There was crowing all around on the left the other day when Gallup announced it detected a steep drop in the number of uninsured Americans in the first quarter of 2014, down to 15.6 percent from 18.0 percent (an all-time high) at the end of the third quarter in 2013.
Gallup credits Obamacare for the drop (but not for the third-quarter spike, when individual-market policyholders were getting dumped for “substandard” insurance), saying the program “appears to be accomplishing its goal of increasing the percentage of Americans with health insurance coverage.
“Even within this year’s first quarter, the uninsured rate fell consistently, from 16.2 percent in January to 15.6 percent in February to 15.0 percent in March. And within March, the rate dropped more than a point, from 15.5 percent in the first half of the month to 14.5 percent in the second half—indicating that enrollment through the healthcare exchanges increased as the March 31 deadline approached.”
Supporters eager to brace President Obama’s triumphant Rose Garden pronouncement last week — “The Affordable Care Act is here to stay”—rhapsodized about Gallup’s report.
Posted under the banner of the Rachel Maddow Show, blogger Steve Benen wrote, “Lazy partisans and ideologues can ignore all of this and cling desperately to the notion that the law is not only failing, but is also ‘a catastrophe like no other,’ [quoting Peggy Noonan in the Wall Street Journal] but they really shouldn’t bother. The evidence to the contrary is simply too overwhelming.”
Writing at politicususa.com (“Real Liberal Politics”), blogger Justin Baragona added this conciliatory thought: “The fact is, the ACA is here to stay. It isn’t going to be repealed and only far-right ideologues who are looking to make hay among the ignorant and virulently racist voters in America who just want to hate everything President Obama does will continue to pretend that they are going to get it repealed.”
All of this stuff-it-right-wingers ball-spiking presumes all, or even a substantial majority, of the insured under Obamacare are happy with their coverage, premiums, deductibles, networks, hospital choices and access to their doctors. It might just as likely turn out that some prominent fraction feel like they’ve been shoehorned into Yugos with punctured spare tires and ordered to make Buick-like installment payments, and would be eager to learn about less coercive alternatives.
But there’s also this, which is the one enduring lesson I gleaned from Evelyn Gadd’s eighth-grade science class at Sligh Junior High School: The only way to extract reliable data from an experiment is to control all the possible variables but one. The drop in the rate of the uninsured cited by Gallup does not do that.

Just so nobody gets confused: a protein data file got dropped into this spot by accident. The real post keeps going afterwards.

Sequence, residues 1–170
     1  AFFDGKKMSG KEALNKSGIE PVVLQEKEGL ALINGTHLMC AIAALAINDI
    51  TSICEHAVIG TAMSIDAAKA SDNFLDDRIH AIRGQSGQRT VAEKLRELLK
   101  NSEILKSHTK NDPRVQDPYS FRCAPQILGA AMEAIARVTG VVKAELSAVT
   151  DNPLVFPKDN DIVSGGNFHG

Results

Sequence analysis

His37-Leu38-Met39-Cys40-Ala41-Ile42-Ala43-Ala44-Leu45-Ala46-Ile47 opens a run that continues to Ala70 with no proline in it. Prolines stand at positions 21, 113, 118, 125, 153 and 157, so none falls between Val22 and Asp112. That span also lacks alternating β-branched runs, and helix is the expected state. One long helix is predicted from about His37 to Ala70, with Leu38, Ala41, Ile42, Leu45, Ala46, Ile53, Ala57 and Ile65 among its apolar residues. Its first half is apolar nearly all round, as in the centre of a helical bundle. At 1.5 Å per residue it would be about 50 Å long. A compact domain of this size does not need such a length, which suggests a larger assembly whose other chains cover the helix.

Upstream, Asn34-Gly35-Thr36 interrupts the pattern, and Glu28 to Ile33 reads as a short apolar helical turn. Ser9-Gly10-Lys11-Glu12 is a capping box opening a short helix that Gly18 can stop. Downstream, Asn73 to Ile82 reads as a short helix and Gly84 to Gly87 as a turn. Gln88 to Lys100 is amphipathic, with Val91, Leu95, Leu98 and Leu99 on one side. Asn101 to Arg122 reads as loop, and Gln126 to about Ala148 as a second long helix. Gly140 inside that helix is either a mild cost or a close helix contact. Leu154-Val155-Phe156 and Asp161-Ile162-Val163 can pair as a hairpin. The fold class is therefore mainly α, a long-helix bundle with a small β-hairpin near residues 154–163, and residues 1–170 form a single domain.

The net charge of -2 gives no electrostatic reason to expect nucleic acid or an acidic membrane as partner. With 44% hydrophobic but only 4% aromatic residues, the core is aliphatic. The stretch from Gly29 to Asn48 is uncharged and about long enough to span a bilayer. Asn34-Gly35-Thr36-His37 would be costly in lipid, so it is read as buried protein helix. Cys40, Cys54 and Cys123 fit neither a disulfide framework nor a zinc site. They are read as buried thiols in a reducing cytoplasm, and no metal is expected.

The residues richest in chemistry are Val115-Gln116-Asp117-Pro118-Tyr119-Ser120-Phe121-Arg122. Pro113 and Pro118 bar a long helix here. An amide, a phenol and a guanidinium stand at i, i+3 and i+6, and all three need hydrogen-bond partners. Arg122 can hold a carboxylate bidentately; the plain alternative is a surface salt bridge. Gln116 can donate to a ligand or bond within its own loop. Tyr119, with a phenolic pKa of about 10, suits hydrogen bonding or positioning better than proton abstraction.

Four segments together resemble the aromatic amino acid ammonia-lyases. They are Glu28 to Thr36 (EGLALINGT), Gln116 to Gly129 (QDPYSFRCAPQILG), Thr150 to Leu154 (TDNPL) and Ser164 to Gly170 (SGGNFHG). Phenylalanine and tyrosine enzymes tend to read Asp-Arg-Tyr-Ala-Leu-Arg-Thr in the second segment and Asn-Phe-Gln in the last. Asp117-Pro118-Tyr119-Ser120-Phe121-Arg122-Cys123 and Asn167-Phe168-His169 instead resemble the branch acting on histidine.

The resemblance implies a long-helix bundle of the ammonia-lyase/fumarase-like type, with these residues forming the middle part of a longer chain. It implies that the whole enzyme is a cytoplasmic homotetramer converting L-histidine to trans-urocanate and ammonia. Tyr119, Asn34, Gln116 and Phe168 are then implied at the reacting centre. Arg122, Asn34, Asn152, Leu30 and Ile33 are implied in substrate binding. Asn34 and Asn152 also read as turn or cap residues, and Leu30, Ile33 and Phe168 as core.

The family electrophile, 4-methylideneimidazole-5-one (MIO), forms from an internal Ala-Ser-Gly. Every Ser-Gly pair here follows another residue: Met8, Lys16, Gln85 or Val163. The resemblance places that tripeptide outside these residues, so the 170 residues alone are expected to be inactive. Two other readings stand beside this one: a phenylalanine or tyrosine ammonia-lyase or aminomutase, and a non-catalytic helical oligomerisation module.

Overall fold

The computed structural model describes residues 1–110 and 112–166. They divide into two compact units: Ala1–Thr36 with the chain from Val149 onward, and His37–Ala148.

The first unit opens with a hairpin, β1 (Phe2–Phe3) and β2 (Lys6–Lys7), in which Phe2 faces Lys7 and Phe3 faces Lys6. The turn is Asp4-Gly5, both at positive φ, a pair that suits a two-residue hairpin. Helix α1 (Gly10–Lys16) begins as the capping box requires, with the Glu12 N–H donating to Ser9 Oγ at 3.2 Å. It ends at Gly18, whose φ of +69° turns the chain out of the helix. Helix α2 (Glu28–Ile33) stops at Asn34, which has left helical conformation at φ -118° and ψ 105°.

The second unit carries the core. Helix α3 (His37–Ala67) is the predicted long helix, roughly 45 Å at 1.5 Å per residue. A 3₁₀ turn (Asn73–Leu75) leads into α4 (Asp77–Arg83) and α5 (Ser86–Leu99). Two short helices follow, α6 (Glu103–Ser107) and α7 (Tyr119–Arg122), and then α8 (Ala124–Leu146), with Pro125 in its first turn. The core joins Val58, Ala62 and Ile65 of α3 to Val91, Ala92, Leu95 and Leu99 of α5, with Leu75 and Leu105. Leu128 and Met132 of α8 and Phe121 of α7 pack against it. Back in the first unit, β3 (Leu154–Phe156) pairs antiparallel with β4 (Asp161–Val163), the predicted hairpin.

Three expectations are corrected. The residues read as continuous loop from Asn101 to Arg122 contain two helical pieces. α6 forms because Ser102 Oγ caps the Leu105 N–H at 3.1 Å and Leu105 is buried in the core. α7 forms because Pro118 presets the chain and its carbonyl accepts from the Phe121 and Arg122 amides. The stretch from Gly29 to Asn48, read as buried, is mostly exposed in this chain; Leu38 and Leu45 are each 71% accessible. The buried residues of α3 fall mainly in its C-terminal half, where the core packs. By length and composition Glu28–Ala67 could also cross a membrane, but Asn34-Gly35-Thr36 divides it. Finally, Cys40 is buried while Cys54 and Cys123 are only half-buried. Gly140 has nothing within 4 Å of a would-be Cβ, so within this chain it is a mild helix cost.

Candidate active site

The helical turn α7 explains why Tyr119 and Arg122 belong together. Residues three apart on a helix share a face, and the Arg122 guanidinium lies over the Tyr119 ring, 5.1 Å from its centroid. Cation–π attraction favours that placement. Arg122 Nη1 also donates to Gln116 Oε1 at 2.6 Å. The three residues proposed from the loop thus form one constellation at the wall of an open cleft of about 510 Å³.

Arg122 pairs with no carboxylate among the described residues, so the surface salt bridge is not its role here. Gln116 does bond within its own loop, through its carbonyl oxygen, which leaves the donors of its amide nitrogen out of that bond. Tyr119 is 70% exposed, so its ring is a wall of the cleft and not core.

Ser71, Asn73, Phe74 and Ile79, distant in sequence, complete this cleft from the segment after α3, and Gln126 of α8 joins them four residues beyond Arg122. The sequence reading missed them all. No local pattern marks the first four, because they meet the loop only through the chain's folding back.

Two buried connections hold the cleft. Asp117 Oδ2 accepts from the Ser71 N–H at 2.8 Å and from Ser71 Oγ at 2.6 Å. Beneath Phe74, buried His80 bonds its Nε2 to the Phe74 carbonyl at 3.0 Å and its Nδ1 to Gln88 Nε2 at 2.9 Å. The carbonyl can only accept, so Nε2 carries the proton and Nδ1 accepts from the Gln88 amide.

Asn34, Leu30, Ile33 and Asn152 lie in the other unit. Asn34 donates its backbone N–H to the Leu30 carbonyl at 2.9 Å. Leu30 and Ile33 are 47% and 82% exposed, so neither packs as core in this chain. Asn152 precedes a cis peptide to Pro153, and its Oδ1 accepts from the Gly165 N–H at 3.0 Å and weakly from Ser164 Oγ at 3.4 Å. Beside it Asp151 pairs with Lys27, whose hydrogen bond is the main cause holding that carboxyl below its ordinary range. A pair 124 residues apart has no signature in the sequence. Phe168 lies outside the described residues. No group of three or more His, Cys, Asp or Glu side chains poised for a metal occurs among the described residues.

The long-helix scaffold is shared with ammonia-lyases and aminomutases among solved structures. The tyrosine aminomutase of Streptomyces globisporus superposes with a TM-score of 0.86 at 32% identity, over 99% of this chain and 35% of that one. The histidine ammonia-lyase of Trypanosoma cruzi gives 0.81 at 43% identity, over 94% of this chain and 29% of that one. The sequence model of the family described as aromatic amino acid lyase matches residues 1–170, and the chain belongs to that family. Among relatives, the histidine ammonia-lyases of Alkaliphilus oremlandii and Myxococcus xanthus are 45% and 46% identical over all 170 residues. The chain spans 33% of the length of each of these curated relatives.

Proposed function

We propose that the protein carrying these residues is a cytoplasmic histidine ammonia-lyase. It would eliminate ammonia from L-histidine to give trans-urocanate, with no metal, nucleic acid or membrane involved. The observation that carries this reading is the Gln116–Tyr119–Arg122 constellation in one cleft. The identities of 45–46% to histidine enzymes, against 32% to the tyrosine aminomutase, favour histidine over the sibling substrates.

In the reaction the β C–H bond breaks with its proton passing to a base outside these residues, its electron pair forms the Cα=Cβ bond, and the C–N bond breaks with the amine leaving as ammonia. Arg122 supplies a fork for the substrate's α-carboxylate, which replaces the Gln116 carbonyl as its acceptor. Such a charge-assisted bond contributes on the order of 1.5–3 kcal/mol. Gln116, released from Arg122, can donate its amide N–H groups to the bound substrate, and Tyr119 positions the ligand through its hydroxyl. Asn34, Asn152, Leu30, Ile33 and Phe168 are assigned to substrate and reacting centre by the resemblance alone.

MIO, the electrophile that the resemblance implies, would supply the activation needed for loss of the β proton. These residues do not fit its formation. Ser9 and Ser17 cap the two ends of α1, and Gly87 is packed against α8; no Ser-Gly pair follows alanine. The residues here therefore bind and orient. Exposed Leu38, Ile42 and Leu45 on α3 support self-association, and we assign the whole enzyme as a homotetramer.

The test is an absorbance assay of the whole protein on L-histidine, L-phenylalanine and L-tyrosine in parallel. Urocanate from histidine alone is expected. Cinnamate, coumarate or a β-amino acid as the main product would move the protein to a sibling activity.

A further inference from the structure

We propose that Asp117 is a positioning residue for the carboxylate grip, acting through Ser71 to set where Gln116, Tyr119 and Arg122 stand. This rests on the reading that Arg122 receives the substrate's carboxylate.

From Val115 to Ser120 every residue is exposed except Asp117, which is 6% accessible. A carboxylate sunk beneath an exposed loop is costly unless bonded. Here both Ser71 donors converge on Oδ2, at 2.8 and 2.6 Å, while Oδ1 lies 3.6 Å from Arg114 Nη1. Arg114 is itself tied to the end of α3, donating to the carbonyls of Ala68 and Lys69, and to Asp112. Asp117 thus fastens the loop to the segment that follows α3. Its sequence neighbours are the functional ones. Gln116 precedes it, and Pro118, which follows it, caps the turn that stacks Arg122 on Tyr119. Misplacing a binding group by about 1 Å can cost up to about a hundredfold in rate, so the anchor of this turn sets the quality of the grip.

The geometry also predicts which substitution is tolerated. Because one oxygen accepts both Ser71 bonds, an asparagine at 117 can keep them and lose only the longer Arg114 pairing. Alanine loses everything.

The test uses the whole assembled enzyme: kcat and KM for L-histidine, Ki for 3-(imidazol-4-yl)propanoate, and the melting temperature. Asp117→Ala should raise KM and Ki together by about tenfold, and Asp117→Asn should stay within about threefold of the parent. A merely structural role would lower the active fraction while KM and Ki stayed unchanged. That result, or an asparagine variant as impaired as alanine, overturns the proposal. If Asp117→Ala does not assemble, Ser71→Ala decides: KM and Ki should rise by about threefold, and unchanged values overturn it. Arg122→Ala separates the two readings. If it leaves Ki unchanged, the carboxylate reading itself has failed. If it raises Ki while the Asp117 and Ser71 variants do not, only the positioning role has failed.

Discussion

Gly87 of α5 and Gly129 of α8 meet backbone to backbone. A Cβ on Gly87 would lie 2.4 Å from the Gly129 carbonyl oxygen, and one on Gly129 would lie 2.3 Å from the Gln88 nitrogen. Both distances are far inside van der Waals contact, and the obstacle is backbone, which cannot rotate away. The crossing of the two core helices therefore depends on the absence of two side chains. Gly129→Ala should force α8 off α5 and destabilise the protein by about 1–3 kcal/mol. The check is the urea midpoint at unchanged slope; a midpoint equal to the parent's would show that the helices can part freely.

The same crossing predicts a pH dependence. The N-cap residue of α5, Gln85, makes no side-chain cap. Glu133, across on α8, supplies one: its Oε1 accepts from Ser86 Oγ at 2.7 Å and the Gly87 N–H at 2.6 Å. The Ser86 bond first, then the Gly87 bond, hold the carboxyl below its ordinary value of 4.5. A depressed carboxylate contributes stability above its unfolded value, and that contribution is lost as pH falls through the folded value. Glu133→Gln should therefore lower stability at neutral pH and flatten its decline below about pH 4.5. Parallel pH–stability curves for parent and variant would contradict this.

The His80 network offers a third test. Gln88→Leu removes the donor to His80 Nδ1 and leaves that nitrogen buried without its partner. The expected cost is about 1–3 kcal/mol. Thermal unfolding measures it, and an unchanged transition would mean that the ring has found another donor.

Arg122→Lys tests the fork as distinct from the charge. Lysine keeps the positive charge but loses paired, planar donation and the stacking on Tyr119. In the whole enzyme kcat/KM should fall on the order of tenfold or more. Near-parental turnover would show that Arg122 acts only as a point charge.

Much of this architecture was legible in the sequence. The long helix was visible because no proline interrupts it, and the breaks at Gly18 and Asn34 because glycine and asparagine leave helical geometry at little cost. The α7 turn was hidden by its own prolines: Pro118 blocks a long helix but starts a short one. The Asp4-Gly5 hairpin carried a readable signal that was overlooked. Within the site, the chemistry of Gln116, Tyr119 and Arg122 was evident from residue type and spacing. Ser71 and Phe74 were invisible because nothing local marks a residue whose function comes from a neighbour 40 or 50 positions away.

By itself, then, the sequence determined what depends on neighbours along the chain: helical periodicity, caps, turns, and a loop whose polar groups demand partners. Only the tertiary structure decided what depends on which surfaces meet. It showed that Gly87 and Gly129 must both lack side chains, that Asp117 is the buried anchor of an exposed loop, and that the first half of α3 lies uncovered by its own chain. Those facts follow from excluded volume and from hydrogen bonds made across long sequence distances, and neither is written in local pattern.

This confluence of Obamacare events cannot be denied their role: HealthCare.gov finally gained a measure of reliability at the same time the White House unleashed a multi-million-dollar marketing campaign (paid for by us) and the first open-enrollment deadline came due.
But even the ACA’s fan club will concede there’s too much noise in the early numbers to know exactly, or even abundantly, what’s going on. Meanwhile, a study by the non-profit RAND Corporation adds to the racket while sprinkling a little cold water on the Here-To-Stay celebration.
People getting covered through their employer (7.2 million) played the biggest factor in reducing the number of uninsured, which makes sense. Some companies have added plans, anticipating the employer mandate. Moreover, despite achingly and historically slow emergence from the Great Recession, about 1.12 million Americans found jobs from October through March.
Medicaid expansion in 26 states and the District of Columbia accounted for the next biggest block of newly insured (3.6 million), and then the federal and state exchanges (1.4 million, or less than 4 in 10 of the total enrollees — 3.9 million — identified by RAND).
In short, the picture is still coming together. More people are covered (although not as many as in the last quarter of 2008), and Democratic candidates are being encouraged to board the bandwagon, but Rasmussen finds 58 percent of likely voters view Obamacare at least somewhat unfavorably, and about that many have bad feelings about the future quality (it’ll go down) and costs (they’ll go up) of medical care as long as the ACA remains in place.
And so it goes.
Over? This is just getting warmed up.